Paying for Privilege

entitled americans, american privelege,


He was automatically out of place. Awkward, geeky, a little bit too outgoing. The drill sergeants had an awful time trying to instill discipline in Ken. But, that’s understandable because no one had ever yelled and screamed at him before.


We were in the first week of Reserve Officers’ Training Corps (ROTC) Basic at Fort Knox, Kentucky. The drill sergeants’ task was to mold a bunch of college kids into future leaders of soldiers. To do that, they had to treat us worse than soldiers; their job was to humble us, and they were good at it.


Ken was a student from Yale University. An Ivy Leaguer stood out like a sore thumb in a harsh environment like Fort Knox. Ivy League colleges have traditionally been places where the future leaders of our country are created. Not since World War II have Ivy Leaguers joined the military in large numbers. But, that will be covered later in the post.


My new friend told me that he’d been driving to campus one day and saw a bunch of Army Reservists boarding a bus on their way to some training event. Ken became intrigued when he saw these Army soldiers and thought: “What the heck? Let’s do it!” He made a detour toward the bus and asked an officer where he could get information on enlisting. The officer referred him to the ROTC office at a nearby college. Two months later, he was standing in front of me while I showed him for the third time how to make his bunk. Why the drill sergeant thought I should be the one to teach him was beyond me; I sure as hell wasn’t good at it.


In addition to attending Yale, Ken had graduated from a prep school. You know, one of those centuries-old, elitist places where they train kids to talk like this:


“Oooh, my Gawd, Buffy! Those dreadful people from the city are here, and they’ve eaten all the truffles! Next time, if we could bring our own truffles, that would be greaaat.”


“Consuela, fetch us another highball, would you?”


Ken had always had maids pick up after him when he was growing up. He seemed a little embarrassed by this. “Oh, I’m telling you”, he said. “I’m totally clueless! Ha ha ha!”


Yeah, I’d be clueless too, if all I did was play polo the first 20 years of my life…


A colonel came to our barracks to inspect us and our bunks, etc. He stood in front of Ken and asked him if he was satisfied with the food served in the mess hall.


“Oh, sheer ambrosia, Colonel! Nectar of the gods! Almost as good as the provisions at my school. Ha ha ha!”


Out of the corner of my eye, I could see our drill sergeant. He looked like he’d been gut shot.


Our training company was designated Bravo Company. While marching, the drill sergeant would call cadence: “Your left, your right!” When our right feet hit the ground, we had to yell in unison: “Your Bravo!” Which we did. Except Ken. Instead, he would raise his hand and yell “BRAVO”, like you would if you really, REALLY enjoyed an opera or a ballet performance. Ken took a lot of abuse from many cadets. We all felt like he didn’t belong there.


And then, we all started to realize it: this guy is turning his back on a life of privilege and creature comforts, to eat and live outdoors for the next 6 years while he fulfilled his military obligation. He volunteered to join, when he didn’t have to.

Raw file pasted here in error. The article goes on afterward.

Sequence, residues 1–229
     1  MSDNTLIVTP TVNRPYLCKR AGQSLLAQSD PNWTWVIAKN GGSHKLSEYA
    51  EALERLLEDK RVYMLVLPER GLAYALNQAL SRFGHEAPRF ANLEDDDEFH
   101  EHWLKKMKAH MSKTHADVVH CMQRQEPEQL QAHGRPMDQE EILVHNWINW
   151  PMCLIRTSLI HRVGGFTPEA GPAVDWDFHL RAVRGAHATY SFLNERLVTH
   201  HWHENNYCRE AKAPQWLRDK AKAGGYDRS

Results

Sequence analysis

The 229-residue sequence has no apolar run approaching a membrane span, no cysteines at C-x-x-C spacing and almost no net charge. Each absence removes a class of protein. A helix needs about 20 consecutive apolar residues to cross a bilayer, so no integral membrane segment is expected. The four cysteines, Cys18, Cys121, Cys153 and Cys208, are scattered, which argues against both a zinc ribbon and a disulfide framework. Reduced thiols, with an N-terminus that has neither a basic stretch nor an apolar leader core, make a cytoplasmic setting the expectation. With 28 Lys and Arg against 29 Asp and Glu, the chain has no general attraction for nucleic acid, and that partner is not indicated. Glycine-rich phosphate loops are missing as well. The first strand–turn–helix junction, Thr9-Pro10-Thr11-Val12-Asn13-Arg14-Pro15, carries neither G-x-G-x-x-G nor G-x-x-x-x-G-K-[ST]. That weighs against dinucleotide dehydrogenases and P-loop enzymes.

Kinda cool. We stopped making fun of him.


Ken later told me that his uncle-a Harvard grad-had served in the Marines in the Pacific during World War II. He remembered his uncle telling him that being a citizen of this country, to attend a prestigious university, to receive a world-class education, to live a life of luxury, it wasn’t free. To be rich, free and alive all at once, there was a price to be paid. And you paid with military service.


During World War I, so many Ivy Leaguers felt this way that they dropped out of school to do what Ken and his uncle did. They fought in the brutal trench warfare in France and Belgium and began dying by the hundreds. President Wilson and Congress were so concerned that all the future leaders of our country were ending up in European graves that they initiated a military draft. Now farmers and mechanics were being called up for service so that Ivy League students would be spared to head the government and lead industry.


After Pearl Harbor, so many young men enlisted to serve in the military that anyone who didn’t was labeled a coward. There were cases where men who were found to be unfit for military service committed suicide out of shame. Pretty damn drastic, but you get the idea. People back then recognized that to live in this country, and to benefit from it was a privilege.


What a far cry from the Vietnam era, or today for that matter.


To read more about this issue, I recommend a book written by two people who didn’t serve in the current conflicts but had skin in the game. One was the father of a Marine, and the other the wife of one:


Disclaimer: I am not trying to come across as self-righteous and preachy. Not everyone is cut out for military service. People can serve in other ways, like in their community. My own career was not exactly stellar. I’m just another American who served his country.


Finally, no good blog post would be complete without a Dead Guy Quote:

“Those who do not do battle for their country do not know with what ease they accept their citizenship in America.” –Dean Brelis, author of The Face of South Vietnam, included in the closing credits of the movie, We Were Soldiers.

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